The Amici della Musica of Florence presents various concerts at the Teatro della Pergola. Works by Haydn, Schubert, Chopin, Liszt, and Beethoven are only a small sample of what will be performed. See the schedule for concerts at http://www.amicimusica.fi.it/.

Teatro della Pergola, Via della Pergola, info: 055/609012 – 055 607440 - 055 2264333, and www.amicimusica.fi.it


Come for energetic jazz with JAVIER GIROTTO & AIRES TANGO at 9:i45pm, Jan. 10, and panist Iiro Rantala at 9:45pm on January 17. Pinocchio Jazz Club is located at Circolo Vie Nuove, viale Donato Giannotti 13, www.pinocchiojazz.it


The Orchestra della Toscanna with GIOVANNI SOLLIMA, cellist and composer, offers and evening of SOLLIMA Hell I da 'Song From The Divine Comedy' version for cello and orchestra (2011)
HAYDN Concerto n.1 for cello and orchestra Hob.VIIb:1
and SOLLIMA Folktales, for cello and orchestra (2009) at the Teatro Verdi

9pm, Jan. 14, Teatro Verdi, via Ghibellina 99, www.teatroverdionline.it


Check the opera schedule online at www.maggiofiorentino.com as well as concerts by Chinese Director X? ZH?NG on January 9 and another directed by RYAN MCADAMS with cellist PABLO FERRÁNDEZ on January 14.

Ticket Office Teatro Comunale
Corso Italia 16 - Firenze - fax: +39 055 287222
Tues. - Fri. 10:00-16:30 & Sat. 10:00-13:00

Tickets on line


Not to worry! … here are a bunch of events or exhibits that will still be happening in late January and February:

PITTI PALACE – The Color of Shade Until March 8, 2015

The 100 or so portraits, landscapes, cityscapes, dream images and more on display at the Modern Art Gallery for the current exhibition, ‘Il colore dell’ombra,’ disproving the concept that black-and-white images lack ‘colour’ , instead revealing many nuances of light and dark. See www.polomuseale.firenze.it for more information.

Modern Art Gallery, Pitti Palace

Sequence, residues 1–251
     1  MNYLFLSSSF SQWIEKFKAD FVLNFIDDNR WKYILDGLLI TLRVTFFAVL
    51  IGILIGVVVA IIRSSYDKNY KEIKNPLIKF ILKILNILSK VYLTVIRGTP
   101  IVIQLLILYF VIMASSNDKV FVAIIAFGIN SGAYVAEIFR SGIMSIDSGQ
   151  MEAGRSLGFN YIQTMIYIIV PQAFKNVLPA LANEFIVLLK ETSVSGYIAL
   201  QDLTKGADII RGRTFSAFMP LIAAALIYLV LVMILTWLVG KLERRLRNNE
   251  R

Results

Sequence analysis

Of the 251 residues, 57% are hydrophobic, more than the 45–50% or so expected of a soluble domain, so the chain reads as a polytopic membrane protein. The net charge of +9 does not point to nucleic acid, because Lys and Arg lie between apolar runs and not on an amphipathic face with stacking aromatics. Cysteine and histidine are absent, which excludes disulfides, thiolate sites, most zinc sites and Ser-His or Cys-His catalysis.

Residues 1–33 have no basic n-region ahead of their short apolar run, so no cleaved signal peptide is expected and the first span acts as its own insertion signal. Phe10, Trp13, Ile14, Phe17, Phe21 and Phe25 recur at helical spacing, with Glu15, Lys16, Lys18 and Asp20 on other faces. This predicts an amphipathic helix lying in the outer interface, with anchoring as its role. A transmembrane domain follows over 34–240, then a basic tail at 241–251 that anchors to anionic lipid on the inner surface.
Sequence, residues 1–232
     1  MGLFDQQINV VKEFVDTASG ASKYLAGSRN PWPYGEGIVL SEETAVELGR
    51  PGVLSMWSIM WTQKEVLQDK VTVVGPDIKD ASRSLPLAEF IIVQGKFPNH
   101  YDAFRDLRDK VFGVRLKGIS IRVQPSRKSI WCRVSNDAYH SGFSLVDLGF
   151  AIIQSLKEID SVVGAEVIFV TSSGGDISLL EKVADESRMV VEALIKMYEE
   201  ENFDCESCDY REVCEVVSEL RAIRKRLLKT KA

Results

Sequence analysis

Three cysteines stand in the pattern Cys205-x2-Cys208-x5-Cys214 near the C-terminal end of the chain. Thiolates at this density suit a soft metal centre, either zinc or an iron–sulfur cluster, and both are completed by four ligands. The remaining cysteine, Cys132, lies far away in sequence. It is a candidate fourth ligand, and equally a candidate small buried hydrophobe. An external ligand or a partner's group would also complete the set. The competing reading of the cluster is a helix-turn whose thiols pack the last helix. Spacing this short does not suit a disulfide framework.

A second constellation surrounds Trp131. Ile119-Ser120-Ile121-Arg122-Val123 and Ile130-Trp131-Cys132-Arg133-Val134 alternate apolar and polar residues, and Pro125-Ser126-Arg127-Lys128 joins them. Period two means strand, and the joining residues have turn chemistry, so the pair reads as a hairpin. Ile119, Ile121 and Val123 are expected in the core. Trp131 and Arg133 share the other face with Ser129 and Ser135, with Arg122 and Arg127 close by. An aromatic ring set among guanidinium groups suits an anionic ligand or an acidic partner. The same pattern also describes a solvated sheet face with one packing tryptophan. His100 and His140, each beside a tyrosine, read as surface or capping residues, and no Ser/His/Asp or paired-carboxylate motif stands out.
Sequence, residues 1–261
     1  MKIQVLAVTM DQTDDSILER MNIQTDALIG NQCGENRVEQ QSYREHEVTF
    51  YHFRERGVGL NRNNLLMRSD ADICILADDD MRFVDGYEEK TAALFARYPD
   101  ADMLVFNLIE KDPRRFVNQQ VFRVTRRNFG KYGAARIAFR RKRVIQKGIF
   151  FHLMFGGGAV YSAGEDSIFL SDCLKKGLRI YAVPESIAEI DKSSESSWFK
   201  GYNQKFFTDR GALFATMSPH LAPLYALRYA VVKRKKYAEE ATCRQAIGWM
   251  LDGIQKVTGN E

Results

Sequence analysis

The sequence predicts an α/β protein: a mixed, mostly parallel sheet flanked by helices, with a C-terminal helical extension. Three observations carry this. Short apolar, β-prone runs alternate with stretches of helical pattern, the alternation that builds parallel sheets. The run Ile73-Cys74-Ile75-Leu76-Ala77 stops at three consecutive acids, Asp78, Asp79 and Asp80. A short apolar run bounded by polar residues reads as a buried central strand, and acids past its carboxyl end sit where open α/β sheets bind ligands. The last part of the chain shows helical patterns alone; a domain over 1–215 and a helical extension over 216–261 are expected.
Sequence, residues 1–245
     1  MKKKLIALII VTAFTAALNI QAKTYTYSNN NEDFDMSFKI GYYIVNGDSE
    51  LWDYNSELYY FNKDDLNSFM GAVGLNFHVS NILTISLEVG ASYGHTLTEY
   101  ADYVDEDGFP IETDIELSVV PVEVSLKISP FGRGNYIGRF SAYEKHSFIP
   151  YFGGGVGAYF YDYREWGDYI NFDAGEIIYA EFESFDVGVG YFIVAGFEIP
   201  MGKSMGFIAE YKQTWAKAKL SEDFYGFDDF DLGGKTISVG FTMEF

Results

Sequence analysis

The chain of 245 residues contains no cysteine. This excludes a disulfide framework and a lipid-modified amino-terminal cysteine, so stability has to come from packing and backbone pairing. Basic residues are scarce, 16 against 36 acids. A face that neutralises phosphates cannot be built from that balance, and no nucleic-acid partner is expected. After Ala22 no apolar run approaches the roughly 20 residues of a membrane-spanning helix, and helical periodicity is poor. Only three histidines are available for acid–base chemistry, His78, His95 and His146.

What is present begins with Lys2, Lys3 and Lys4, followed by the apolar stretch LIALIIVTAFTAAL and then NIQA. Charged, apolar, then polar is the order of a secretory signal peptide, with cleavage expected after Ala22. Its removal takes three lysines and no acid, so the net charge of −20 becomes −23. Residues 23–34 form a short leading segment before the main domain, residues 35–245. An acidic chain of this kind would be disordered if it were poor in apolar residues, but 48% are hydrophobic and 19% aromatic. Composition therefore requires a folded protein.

PIANCASTAGNAIO – Befanate Befanotti

On the night between 5 and 6 January, groups of men go from poderi to poderi and the villages offering a begging song. They are the "befanotti", dressed in old clothes and with their faces dirty with soot. The text of the song describes the character of the befana, who promises gifts for everyone, and ends with requests for offerings. The gifts collected, usually food, are eaten in a meal shared among the befanotti or are sold for division of the proceeds. This festival also takes place in the Maremma villages of Alberese, Braccagni, Poderi di Montemerano and Monterotondo, and in the area of Monte Amiata in the villages of Saragiolo, Bagnore, Bagnolo and Marroneto.

SINALUNGA – Fiera dell'Epifania

On January 6, Sinalunga sees the arrival of the Three Wise Men and a town fair for Epiphany (Befana will certainly be there, too). Also, find similar parades and festivals in: Greve, Impruneta, Incisa (look for the purple Befana), Matione, San Casciano, Sinalunga, Borgo San Lorenzo and Figline Valdarno.

SAN PIERO A SIEVE – Befana Arrives by Train

On January 6, you too can ride the steam train with Befana through the Mugello. Departure from Santa Maria Novella (Florence) train station and arrival to San Piero a Sieve. A brunch and entertainment for children make the day extra special (if riding on a steam train was not enough excitement).